I'm stuck on exercise 4.19 from Introduction to Modern Cryptography.

Let $F$ be a keyed function that is a secure (deterministic) MAC for messages of length $n$. (Note that $F$ need not be a pseudorandom permutation.) Show that basic CBC-MAC is not necessarily a secure MAC (even for fixed-length messages) when instantiated with $F$.

My idea was to construct the secure MAC $F'_k = m \| F_k(m)$, which would leak information on $F_k(m_1)$. However, that would double the size of the MAC with every step.

Is there another/better/working solution?

Why are PRFs required for the CBC-MAC domain extension?

Edit: basic CBC-MAC refers to the following construction:

basic CBC-MAC

The book states that basic CBC-MAC is secure for fixed length messages when instantiated with a PRF.

  • 2
    $\begingroup$ Did you see this? Security of CBC-MAC fixed length with zero padding $\endgroup$ – kelalaka Nov 12 '18 at 21:20
  • $\begingroup$ @kelalaka No! Although, I don't see the connection? They seem to be having a padding problem, however in this exercise the message length is fixed and unpadded. $\endgroup$ – cisnjxqu Nov 12 '18 at 21:39
  • $\begingroup$ I know. There are many questions tagged CBC-MAC, around 90. $\endgroup$ – kelalaka Nov 12 '18 at 21:42
  • 1
    $\begingroup$ @ambiso Why is it necessarily unpadded? If $n$ is different from a multiple of the block size then you'll have to pad, right? I don't see it mentioned that no padding is to be used (unless you didn't fully state the question). $\endgroup$ – Maarten Bodewes Nov 12 '18 at 21:44
  • 1
    $\begingroup$ hint: You know the $IV$, and $m_1$, what can you do? $\endgroup$ – kelalaka Nov 12 '18 at 22:44

The question as posed (in the book) is a bit weird, mainly because it does not state that $F$ is required to be length preserving, however for the CBC-MAC construction to make sense it clearly has to be. But ignoring this fact for a moment, one of your observations was indeed crucial. A MAC does in general not hide it's input message. As you point out, if $F'$ is a secure MAC, then the MAC $F$ defined as $F_k(m) := m\Vert F'_k(m)$ is also secure. However, if the function $F$ allows recovering its input from its output, then in the CBC-MAC construction we learn one of the intermediate values. And that is a problem.

Let's look at the case of $\ell=2$, i.e., messages have exactly two blocks, i.e., $m=m_0\Vert m_1$.

We attack the CBC-MAC by first choosing a message $m=0^n\Vert 0^n$ and querying it to the MAC oracle. The CBC-MAC for our query will be computed as follows: \begin{align*} t_1 :=& F_k(0^n)\\ t_2 :=& F_k(0^n\oplus t_1) = F_k(t_1) \end{align*} and $t_2$ is output as the tag.

Now, if $t_2$ allows us to recover the input of $F$, then this means we learn $t_1$.

We can now output the message $m^* = t_1\Vert t_2$ and the tag $t^*=t_1$ as our forgery. We can verify that this is indeed a valid forgery by recomputing $t^* = t^*_2$: \begin{align*} t^*_1 :=& F_k(m^*_1) = F_k(t_1) = t_2\\ t^*_2 :=& F_k(m^*_2\oplus t^*_1) = F_k(t_2\oplus t_2) = F_k(0) = t_1 \end{align*} And, given that $F$ is a secure MAC and it's output therefore necessarily unpredictable means that the probability of $m^*=m$ is negligible andf therefore our attacker is successful with all but negligible probability. (This can be generalized for an arbitrary message $m$, but I'll leave this as an exercise to the reader.)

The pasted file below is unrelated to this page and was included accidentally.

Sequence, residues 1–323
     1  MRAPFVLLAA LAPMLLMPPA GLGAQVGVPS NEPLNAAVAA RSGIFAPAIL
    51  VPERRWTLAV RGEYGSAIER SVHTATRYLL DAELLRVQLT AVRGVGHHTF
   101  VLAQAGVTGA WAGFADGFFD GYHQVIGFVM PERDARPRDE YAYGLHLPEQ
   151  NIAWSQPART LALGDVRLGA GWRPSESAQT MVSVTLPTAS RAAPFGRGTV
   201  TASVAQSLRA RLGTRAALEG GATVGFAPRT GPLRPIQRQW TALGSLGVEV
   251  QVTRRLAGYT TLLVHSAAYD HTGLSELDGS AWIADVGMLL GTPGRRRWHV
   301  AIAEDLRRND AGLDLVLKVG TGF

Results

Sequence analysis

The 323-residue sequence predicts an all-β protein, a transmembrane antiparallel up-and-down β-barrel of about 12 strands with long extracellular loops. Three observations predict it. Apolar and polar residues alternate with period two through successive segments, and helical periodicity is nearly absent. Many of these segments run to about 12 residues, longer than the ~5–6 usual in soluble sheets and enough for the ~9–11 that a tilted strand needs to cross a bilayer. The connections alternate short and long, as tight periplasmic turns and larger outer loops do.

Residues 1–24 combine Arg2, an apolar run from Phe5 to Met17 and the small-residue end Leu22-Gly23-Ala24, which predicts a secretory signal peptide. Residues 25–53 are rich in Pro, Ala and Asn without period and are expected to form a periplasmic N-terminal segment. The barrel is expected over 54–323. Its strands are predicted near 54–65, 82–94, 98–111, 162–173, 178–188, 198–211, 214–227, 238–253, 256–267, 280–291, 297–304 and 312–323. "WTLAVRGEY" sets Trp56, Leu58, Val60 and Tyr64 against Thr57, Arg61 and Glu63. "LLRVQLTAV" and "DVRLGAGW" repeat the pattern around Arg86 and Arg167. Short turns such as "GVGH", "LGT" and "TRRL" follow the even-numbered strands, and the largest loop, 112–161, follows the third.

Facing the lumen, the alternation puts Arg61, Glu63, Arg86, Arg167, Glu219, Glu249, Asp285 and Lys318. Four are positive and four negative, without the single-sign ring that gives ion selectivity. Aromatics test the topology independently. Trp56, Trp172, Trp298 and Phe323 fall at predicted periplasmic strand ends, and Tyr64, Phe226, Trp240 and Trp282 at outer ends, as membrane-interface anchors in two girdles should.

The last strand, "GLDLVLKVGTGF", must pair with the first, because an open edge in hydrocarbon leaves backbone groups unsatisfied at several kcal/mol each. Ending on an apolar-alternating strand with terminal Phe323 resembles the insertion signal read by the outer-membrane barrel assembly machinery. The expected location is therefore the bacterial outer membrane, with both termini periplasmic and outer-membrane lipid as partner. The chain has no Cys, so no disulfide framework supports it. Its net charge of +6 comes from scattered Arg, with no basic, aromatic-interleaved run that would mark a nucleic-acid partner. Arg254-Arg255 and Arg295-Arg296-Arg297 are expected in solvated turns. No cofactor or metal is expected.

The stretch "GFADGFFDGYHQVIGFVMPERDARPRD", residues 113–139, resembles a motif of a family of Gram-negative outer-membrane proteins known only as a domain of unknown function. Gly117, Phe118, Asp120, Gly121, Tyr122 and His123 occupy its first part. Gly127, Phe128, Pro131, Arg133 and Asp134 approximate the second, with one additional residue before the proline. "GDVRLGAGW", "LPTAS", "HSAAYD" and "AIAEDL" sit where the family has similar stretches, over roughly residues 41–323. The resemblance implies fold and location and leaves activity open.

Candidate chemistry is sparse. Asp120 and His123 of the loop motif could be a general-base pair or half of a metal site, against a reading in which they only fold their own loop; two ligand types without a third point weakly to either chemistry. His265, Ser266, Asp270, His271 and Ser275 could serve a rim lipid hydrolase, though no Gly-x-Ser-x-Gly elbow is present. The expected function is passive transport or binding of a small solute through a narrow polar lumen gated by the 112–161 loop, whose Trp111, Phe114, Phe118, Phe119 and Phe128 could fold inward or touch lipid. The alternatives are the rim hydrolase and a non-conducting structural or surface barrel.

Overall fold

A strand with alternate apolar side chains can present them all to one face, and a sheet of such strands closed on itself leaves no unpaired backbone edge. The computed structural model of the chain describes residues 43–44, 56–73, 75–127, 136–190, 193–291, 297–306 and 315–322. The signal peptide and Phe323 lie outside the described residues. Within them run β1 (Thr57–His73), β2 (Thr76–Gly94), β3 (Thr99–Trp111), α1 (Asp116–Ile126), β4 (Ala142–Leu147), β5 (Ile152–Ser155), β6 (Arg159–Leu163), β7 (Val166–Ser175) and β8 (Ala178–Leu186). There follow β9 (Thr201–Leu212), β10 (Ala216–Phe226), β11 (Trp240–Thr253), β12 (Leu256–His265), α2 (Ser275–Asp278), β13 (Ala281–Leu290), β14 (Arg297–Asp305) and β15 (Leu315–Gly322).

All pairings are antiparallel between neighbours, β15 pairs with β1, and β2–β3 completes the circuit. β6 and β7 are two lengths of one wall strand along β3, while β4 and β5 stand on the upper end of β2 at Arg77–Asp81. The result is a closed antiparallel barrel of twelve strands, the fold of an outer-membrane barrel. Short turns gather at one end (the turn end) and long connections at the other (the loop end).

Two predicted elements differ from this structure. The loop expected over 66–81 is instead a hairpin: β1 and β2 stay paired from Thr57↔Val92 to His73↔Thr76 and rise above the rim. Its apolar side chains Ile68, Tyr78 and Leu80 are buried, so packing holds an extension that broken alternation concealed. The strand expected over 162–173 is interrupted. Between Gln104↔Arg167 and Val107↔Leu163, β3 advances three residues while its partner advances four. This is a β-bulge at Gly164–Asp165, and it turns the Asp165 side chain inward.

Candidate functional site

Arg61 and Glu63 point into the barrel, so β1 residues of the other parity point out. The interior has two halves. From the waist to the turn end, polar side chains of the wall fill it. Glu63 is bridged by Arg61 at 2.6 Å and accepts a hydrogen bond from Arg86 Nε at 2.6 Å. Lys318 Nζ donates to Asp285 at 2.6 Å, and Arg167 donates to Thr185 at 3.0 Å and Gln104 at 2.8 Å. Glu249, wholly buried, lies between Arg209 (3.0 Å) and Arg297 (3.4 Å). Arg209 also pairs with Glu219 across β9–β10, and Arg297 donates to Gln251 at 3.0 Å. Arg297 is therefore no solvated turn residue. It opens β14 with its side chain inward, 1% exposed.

The issue that remains is: How can we construct a length-preserving MAC such that we can reconstruct $t_1$ from $t_2$? The construction $F_k(m) := m\Vert F'_k(m)$ clearly does not work, since it is not length preseving, but we can do something similar.

Let $F'_k : \{0,1\}^n \to \{0,1\}^{n/2}$ be a secure MAC. Then we define $F$ as $F_k(x\Vert y) = y\Vert F'_k(x\Vert y)$ for $|x|=|y|=n/2$. I leave proving that this remains a secure MAC as an exercise to the reader.

It remains to show how this $F$ allows us to reconstruct $t_1$ given $t_2$ in the above attack. For this, observe the values of $t_1,t_2$ in this instantiation. \begin{align*} t_1 :=& F_k(0^n) = 0^{n/2}\Vert F'_k(0^n)\\ t_2 :=& F_k(t_1) = F'_k(0^n) \Vert F'_k(t_1) \end{align*} I.e., given $t_2 := a\Vert b$, we can directly see that $t_1 := 0^{n/2}\Vert a$. Therefore the attack sketched above works with this instantiation.

| improve this answer | |
  • $\begingroup$ I ended up with something similar, but way more complicated, thanks for your reply!! :-) $\endgroup$ – cisnjxqu Nov 14 '18 at 15:49

In general, CBC-MAC with fixed length is secure. However, in this example $F$ is "a secure (deterministic) MAC" which could mean that we can conduct the message authentication experiment MAC-forge on it and use that outcome for CBC-MAC.

| improve this answer | |
  • 1
    $\begingroup$ Iff $F$ is a secure MAC then there is no such adversary that succeeds in the MAC-forge game (with non-negligible probability). Am I misunderstanding something? Could you elaborate on your response? Thanks in advance! $\endgroup$ – cisnjxqu Nov 14 '18 at 1:31

Your Answer

By clicking “Post Your Answer”, you agree to our terms of service, privacy policy and cookie policy

Not the answer you're looking for? Browse other questions tagged or ask your own question.